Creativity Beyond The Corsets: Body Trend And Fashion


From Bridgerton to Gen Z, this sexy undergarment is once again popular. But is the corset an instrument of torture – or a weapon of empowerment” – Beverley D’Silva.

The curvaceous woman is the woman of the 21st century, and corsets are no stranger to funding this figure. The corset had been argued to be a symbol of women’s oppression, and dress reformers have also argued that female bodies were prone to deformities by virtue of wearing it.
Karolina Laskowska, a British lingerie designer who has been creating hand-made corsets since 2012, counters this notion. She says that a well-fitting corset can “take the strain off the shoulders and ribcage,” thus being more comfortable than a bra. Some clients, she says, have likened the feeling of having a fleet corset on to a wonderful hug.

Corsets have found their way into 21st-century pop culture and the fashion space, taking a spin-off of royalty and nobles and making an aggressive comeback with no signs of slowing down. Corsets have progressed from undergarments to overgarments, stylishly incorporating different styles and silhouettes.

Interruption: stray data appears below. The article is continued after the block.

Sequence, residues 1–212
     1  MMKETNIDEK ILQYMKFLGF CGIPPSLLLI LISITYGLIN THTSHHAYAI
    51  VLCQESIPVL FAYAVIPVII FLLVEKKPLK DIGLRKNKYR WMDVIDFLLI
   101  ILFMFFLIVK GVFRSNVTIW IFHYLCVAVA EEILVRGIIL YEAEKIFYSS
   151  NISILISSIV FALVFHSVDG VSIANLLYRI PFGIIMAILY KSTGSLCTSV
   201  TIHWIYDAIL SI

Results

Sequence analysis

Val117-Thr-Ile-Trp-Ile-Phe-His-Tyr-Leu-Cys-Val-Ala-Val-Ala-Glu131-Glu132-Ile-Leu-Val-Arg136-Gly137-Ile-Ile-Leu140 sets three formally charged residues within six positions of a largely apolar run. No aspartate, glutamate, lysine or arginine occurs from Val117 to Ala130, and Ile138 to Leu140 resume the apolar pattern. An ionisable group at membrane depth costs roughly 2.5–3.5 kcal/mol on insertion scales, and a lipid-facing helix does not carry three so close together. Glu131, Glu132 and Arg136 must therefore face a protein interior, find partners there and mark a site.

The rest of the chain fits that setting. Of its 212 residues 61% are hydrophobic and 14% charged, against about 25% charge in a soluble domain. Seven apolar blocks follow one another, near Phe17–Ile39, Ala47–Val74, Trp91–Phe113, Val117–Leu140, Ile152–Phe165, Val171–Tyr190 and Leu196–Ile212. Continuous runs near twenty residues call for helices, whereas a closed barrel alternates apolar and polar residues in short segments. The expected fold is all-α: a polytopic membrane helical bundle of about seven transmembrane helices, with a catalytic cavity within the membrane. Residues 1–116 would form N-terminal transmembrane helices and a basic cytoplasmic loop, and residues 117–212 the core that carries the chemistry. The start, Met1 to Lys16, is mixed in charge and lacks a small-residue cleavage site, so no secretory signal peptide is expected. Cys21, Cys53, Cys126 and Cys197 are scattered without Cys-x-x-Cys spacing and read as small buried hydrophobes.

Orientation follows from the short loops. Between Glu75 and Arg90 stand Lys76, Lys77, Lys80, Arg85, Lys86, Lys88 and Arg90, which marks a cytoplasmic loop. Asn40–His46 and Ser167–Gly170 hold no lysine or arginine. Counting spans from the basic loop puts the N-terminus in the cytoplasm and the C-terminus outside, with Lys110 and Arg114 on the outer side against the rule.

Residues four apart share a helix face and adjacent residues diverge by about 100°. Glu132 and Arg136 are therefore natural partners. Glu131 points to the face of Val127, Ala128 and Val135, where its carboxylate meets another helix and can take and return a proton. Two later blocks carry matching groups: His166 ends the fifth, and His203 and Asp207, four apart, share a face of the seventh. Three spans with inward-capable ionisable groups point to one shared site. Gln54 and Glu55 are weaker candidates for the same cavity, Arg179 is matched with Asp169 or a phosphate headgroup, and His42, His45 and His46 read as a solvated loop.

Boning has found a home beyond undergarments to sculpting even in basic attire, from high-waisted pants to fitted jackets, dresses, and tips. The versatility of the Nigerian fashion space has embraced the fast-growing acceptance of corseting. Traditional attire has made way for this figure-hugging, body-transforming piece. it is almost impossible to attend an event without seeing an array of corseted women strutting in beauty and poise.


The corset is particularly loved for its body sculpting abilities and the quick elevation of posture and class. Thanks to fashion designers like Tubo, Veekee James, Ceolumini, xtrabrideslagos and the like, corsets have made a major comeback, reminding us why they’re widely regarded as timeless pieces. While this element of fashion is magical in its interpretation, it begs the question: is there more beyond corsets to explore in the Nigerian fashion space? Could the focus on the specific body type be a major influencer of the love fest?

Throughout the 20th and 21st centuries, the mainstream idea of the “perfect body shape” for women has shifted almost as often as fashion trends. In some cases, the contrast in the idea of the perfect woman between decades is shocking, and speaks volumes about public attitudes at the time—the beauty standards, basically, depended on whether or not people thought it was okay for women to have curves. Unarguably, a snatched waist is a wonder, however, do we care to see more beyond it?
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